Obama administration plans a 3- to 5-year test to see if college classes help reduce prison recidivism
The Obama administration plans to restore federal funding for prison inmates to take college courses, a potentially controversial move that comes amid a broader push to overhaul the criminal justice system.
The plan, set to be unveiled Friday by the secretary of education and the attorney general, would allow potentially thousands of inmates in the U.S. to gain access to Pell grants, the main form of federal aid for low-income college students. The grants cover up to $5,775 a year in tuition, fees, books and other education-related expenses.
Prisoners received $34 million in Pell grants in 1993, according to figures the Department of Education provided to Congress at the time. But a year later, Congress prohibited state and federal prison inmates from getting Pell grants as part of broad anticrime legislation, leading to a sharp drop in the number of in-prison college programs. Supporters of the ban contended federal aid should only go to law-abiding citizens.
Between the mid-1990s and 2013, the U.S. prison population doubled to about 1.6 million inmates, many of them repeat offenders, Justice Department figures show. Members of both parties—including President Barack Obama, a Democrat, and Republican Sen. Rand Paul of Kentucky—have called for a broad examination of criminal justice, such as rewriting sentencing guidelines.
A 2013 study by the Rand Corp. found that inmates who participated in education programs, including college courses, had significantly lower odds of returning to prison than inmates who didn’t.
Some congressional Democrats have proposed lifting the ban. Meanwhile, administration officials have indicated they would use a provision of the Higher Education Act that gives the Education Department the authority to temporarily waive rules, such as the Pell-grant ban, as part of an experiment to study their effectiveness.
Education Secretary Arne Duncan and Attorney General Loretta Lynch are expected to announce the program, which likely would last three to five years to yield data on recidivism rates, at a prison in Jessup, Md., on Friday. Key details aren’t yet clear, such as which institutions and what types of convicts would be allowed to participate.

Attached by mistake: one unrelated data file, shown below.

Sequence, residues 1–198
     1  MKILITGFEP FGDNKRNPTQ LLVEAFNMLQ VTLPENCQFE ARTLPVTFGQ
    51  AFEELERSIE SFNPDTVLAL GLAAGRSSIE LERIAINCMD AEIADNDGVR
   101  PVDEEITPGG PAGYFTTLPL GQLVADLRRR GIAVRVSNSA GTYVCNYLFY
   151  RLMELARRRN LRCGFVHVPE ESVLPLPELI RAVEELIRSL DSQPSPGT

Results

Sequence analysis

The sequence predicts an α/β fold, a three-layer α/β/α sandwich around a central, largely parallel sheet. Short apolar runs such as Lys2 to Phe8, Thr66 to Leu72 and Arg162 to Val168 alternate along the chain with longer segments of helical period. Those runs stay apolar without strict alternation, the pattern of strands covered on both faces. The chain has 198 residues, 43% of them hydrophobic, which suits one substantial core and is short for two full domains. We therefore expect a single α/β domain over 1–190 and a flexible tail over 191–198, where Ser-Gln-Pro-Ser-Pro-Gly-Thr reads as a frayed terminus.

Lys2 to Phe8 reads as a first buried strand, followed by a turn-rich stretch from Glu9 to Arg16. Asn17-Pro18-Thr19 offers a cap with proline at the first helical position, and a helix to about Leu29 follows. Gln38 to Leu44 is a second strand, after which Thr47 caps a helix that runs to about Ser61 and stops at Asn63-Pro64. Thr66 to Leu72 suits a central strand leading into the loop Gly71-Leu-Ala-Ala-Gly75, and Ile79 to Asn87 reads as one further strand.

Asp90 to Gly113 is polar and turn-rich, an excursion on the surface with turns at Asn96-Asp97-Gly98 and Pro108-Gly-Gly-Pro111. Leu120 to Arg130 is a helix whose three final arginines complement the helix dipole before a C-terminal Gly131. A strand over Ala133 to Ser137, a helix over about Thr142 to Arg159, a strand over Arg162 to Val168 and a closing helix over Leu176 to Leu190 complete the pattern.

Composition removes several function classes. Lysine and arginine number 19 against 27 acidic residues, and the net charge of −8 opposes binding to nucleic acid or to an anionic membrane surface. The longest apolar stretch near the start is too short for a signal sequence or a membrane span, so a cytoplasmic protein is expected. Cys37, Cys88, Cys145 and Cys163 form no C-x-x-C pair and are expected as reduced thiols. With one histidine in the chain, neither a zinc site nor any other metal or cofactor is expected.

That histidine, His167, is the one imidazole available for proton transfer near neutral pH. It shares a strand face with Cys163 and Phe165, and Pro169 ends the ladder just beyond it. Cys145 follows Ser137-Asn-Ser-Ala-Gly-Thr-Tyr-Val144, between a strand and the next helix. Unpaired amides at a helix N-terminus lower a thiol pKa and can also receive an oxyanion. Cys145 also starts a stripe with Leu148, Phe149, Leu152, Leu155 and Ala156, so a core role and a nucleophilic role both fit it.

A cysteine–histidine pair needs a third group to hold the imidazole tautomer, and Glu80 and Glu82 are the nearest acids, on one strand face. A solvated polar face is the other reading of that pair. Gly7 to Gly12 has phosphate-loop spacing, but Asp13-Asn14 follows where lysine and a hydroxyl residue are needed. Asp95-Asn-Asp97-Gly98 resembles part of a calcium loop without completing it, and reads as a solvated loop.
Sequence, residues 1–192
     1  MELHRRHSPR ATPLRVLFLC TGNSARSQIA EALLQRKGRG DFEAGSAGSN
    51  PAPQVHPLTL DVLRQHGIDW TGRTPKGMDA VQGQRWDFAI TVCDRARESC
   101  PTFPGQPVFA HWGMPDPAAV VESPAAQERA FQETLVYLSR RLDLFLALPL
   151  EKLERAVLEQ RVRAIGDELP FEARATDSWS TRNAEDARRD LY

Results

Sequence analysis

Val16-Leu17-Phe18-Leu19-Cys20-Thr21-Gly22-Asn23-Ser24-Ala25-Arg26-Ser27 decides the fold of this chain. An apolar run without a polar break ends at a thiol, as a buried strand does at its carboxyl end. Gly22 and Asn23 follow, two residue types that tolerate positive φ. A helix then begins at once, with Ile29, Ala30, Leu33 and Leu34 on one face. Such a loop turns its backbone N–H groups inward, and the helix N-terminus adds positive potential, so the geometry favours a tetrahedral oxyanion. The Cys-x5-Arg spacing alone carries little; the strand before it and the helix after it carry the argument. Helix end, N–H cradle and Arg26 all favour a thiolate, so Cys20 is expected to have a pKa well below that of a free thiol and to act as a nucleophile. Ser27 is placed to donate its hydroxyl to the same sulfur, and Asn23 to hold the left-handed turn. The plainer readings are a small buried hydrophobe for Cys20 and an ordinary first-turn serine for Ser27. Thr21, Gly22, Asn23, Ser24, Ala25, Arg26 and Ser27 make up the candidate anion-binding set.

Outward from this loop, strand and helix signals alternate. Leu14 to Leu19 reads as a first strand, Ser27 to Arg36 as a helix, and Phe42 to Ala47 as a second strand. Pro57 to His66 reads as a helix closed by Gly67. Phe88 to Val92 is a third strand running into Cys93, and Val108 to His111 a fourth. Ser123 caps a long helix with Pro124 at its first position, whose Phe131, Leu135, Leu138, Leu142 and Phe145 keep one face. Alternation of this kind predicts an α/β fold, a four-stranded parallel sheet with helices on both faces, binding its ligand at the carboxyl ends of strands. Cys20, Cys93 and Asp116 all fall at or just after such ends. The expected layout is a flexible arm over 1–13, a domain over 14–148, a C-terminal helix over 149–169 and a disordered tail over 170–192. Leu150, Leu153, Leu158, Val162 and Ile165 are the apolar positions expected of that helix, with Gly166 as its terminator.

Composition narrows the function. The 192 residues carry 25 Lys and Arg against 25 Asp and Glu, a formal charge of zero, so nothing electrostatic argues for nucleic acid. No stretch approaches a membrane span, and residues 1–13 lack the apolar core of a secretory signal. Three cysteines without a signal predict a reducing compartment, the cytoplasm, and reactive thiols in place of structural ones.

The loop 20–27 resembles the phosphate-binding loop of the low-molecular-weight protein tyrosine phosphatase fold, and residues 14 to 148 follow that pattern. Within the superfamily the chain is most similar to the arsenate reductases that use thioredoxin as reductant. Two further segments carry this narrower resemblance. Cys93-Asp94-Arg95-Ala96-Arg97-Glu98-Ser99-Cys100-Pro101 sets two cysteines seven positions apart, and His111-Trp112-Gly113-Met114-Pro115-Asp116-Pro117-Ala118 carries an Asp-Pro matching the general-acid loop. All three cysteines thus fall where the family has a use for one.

An Education Department spokeswoman declined to comment. Asked Monday whether the agency would restore Pell grants for prisoners, Mr. Duncan told reporters, “Stay tuned.”
Stephen Steurer, head of the Correctional Education Association, an advocacy group, said two Education Department officials told him at a conferenceearly this month the agency was moving to restore Pell grants for prisoners and allow many colleges and universities to participate. Money from the grants would directly reimburse institutions for the cost of delivering courses in prisons rather than go to prisoners, Mr. Steurer said.
It will be substantial enough to create some data and to create enough information for some evaluation,” said Rep. Danny Davis (D., Ill.), who is co-sponsoring a bill with Rep. Donna Edwards (D., Md.) to permanently restore Pell grants for prisoners.
“I think the political landscape has actually changed since the 1990s,” said Ms. Edwards. “We haven’t really been able to get a handle on recidivism. We have to present some training and opportunities. These are programs that work.”
She said her bill would cost relatively little up front—in the tens of millions of dollars—while having the potential to cut societal costs over the long term by reducing recidivism rates. Maryland spends nearly $40,000 a year per prisoner, she said.
But spending tax dollars on college for prisoners strikes many as an affront to families that have borrowed heavily in recent years to cope with skyrocketing college costs, causing student debt to soar to $1.3 trillion. “If we really want to keep people out of prison, we need to promote education at younger ages,” said Rep. Chris Collins (R., N.Y.).
Last year, New York Gov. Andrew Cuomo tabled a plan to use state dollars on in-prison college courses because of opposition from lawmakers. But in California, Gov. Jerry Brown signed legislation in June that includes $12 million to promote statewide priorities, including college classes in state prison, said state Sen. Loni Hancock, whose 2014 bill paved the way for an agreement between California corrections officials and the chancellor of the state’s community colleges. Ms. Hancock said classes could begin as soon as this fall.
The administration’s plan could open the White House to new charges that it is subverting the will of Congress. The administration has been criticized for using executive powers to change immigration policy.
There are currently a limited number of college courses for prisoners that draw mostly on private funding, Mr. Steurer said. Federal funding would expand opportunities for people like Wesley Caines, 49, who left a New York prison in the spring of 2014 after serving more than two decades on a murder charge.
While incarcerated at Hudson County Correctional Facility, he used a privately funded program to earn an associate degree, then a bachelor’s and a master’s, after studying the work of Nietzsche and W.E.B. Du Bois. He’s now working for a Brooklyn firm helping other ex-offenders re-enter society. “Prison is perhaps one of the most dehumanizing environments that any human being could find themselves in,” he said. “One of the best ways to make transformative gains is to be educated. It’s not an abstract thing, it’s a very tangible thing. It teaches you critical thinking. It allows you to look at yourself, your choices, your behavior, and the consequences of them.”